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Experts in algebra please help: we would like to know the number of solutions for this set of six of modular N algebraic equations:

$$ (1) \quad x_1 y_2 \equiv x_2 y_1 \pmod{N}\\ (2) \quad x_1 y_3 \equiv x_3 y_1 \pmod{N}\\ (3) \quad x_4 y_1 \equiv x_1 y_4 \pmod{N}\\ (4) \quad x_2 y_3 \equiv x_3 y_2 \pmod{N}\\ (5) \quad x_2 y_4 \equiv x_4 y_2 \pmod{N}\\ (6) \quad x_3 y_4 \equiv x_4 y_3 \pmod{N} $$ Suppose that all variables are modulo $N$. Here there are eight variables in total, $x_1,x_2,x_3,x_4, y_1,y_2,y_3,y_4$.


(a) For $N=2$, how many independent solutions there are?

(b) For $N=3$, how many independent solutions there are?

(c) For a generic prime number $N$, how many independent solutions there are?

I emphasize these questions about counting number(how many) of independent solutions, so explicit solutions for these equations are NOT required.

Hint (what I have known): the 6 constraint equations are not independent, actually the first equations (1),(2),(3) can guarantee the last three (4)(5)(6)equations. So counting the number of degrees of freedom, roughly the number of independent solutions are about

$$ \text{ the number of independent solutions} \geq N^{8-3}=N^5 $$

On the other hand, if we set all $x_1,x_2,x_3,x_4=0$, then there are free choices for $y_1,y_2,y_3,y_4$ (which provides $N^4$ solutions). Similarly, if we set all $y_1,y_2,y_3,y_4=0$ , then there are free choices for $x_1,x_2,x_3,x_4$ (which provides $N^4$ solutions, but overlap one solution such that all $x=y=0$ counted earlier once.), so roughly the number of independent solutions are about

$$ \text{ the number of independent solutions} \geq 2\;N^{4}-1 $$

So what is the exact number expression of this number of independent solutions?

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the other possibility is solving it numerically or by Mathematica.… – annie heart Apr 12 '14 at 22:52
my conjecture is that the number of independent solutions=$N^4+N^5$, can someone disprove or prove it? :o) – annie heart Apr 12 '14 at 23:02
Sorry, I made a mistake, yes, I agree with Idear's result. – miss-tery Apr 13 '14 at 1:01
up vote 2 down vote accepted

I have numerically computed, there is no better intuition for me, but your guess $N^4+N^5$ is close. Let us say the number of independent solutions $\equiv Sol(N)$, then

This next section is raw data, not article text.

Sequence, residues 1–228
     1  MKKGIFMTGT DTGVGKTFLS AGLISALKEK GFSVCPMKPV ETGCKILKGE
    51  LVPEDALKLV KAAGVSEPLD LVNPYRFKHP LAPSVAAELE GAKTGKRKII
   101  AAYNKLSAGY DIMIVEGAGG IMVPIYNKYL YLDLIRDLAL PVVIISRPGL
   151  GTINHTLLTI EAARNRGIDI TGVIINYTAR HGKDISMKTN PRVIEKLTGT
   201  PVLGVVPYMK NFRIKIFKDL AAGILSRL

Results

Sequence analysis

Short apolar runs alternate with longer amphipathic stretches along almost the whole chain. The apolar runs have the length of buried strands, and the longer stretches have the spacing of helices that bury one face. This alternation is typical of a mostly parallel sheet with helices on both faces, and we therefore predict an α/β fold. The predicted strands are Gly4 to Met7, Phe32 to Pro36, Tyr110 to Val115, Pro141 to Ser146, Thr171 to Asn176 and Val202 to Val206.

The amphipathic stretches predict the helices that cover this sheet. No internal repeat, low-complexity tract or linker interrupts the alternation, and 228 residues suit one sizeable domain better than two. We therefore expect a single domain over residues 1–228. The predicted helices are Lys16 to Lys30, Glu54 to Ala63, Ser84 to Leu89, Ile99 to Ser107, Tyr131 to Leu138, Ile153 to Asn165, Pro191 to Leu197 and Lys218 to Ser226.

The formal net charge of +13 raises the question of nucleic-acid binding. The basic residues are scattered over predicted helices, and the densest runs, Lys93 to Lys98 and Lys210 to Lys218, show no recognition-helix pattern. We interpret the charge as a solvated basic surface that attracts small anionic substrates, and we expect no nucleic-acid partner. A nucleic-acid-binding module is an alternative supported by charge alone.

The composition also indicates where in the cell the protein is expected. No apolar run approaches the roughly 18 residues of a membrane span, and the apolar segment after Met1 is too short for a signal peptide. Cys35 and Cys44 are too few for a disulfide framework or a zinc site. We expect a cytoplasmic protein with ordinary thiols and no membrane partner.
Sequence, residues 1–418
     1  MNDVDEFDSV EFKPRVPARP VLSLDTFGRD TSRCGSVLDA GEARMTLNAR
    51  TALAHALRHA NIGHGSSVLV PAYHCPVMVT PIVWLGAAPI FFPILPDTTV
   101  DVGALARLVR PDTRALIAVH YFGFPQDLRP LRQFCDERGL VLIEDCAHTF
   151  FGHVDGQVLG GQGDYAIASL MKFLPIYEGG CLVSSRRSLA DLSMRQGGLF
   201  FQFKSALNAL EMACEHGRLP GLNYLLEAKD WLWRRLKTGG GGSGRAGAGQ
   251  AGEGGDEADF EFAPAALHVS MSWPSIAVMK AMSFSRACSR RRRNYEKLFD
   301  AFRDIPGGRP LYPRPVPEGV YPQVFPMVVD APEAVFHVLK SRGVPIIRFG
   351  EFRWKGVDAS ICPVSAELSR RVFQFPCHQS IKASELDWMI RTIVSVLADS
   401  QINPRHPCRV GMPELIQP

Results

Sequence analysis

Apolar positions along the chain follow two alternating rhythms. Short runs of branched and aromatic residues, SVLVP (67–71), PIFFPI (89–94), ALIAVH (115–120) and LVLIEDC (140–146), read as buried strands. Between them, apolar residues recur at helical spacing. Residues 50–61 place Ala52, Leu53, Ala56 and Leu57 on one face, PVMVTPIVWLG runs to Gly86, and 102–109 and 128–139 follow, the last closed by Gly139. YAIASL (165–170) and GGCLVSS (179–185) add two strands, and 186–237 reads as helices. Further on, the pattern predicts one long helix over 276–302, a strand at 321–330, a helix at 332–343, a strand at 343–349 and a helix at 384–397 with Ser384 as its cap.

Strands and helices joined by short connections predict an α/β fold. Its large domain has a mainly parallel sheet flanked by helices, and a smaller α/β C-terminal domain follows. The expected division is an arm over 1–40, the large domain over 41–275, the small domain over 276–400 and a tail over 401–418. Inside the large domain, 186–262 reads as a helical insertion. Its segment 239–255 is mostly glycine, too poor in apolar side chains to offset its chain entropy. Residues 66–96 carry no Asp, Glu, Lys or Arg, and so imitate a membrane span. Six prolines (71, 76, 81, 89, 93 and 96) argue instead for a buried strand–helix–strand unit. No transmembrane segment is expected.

$$ Sol(2)=46=2^4+2^5-2 $$ $$ Sol(3)=321=3^4+3^5-3 $$ $$ Sol(5)=3745=5^4+5^5-5 $$ $$ Sol(7)=19201=7^4+7^5-7 $$

thus my conjecture is that for the prime $N$ $$ Sol(N)=N^4+N^5-N $$ I hope it helps.

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Thank you +1, let me take a look. :o) – annie heart Apr 12 '14 at 23:40
it does not work for the non-prime $N$ though. – Idear Apr 12 '14 at 23:41
The credit is given to Idear unless someone comes up with an analytic counting solution. – annie heart Apr 13 '14 at 19:57

Modulo a prime $N$, the integers form a field. For simplicity, use conventional algebraic notation (equals, forget about modulus). Take first the case that $x_1$ and $y_1$ aren't zero, then your first three equations reduce to: \begin{align} \frac{x_2}{x_1} &= \frac{y_2}{y_1} \\ \frac{x_3}{x_1} &= \frac{y_3}{y_1} \\ \frac{x_4}{x_1} &= \frac{y_4}{y_1} \end{align} So you can define the three ratios independently ($N^3$ options), and then fix the values of $x_1$ and $y_1$ at will ($(N - 1)^2$ options), so the total is $N^3 (N - 1)^2$. If $x_1 = 0$, then either $y_1 = 0$ and $x_2$, $x_3$ are arbitrary ($N^2$ options) or $y_1 \ne 0$ ($N - 1$ possible values) and $x_2$, $x_3$, $x_4$ arbitrary ($N^3$ options).

Adding all up gives $N^3 (N - 1)^2 + N^2 + (N - 1) N^3 = N^5 - N^4 + N^2$.

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It is nice you have explicit analytic result, +1. But my numerical check is also consistent with Idear's, do you know why? maybe there is some missing part in yours? Thanks. :o) – annie heart Apr 12 '14 at 23:58
there are tricky things that when some of $x,y$ values are zeros, we may need to be careful that Eq.(1)~(3) may not fully account Eq.(4)~(6), isn't it? – annie heart Apr 12 '14 at 23:59
I might have over/undercounted somewhere. – vonbrand Apr 12 '14 at 23:59

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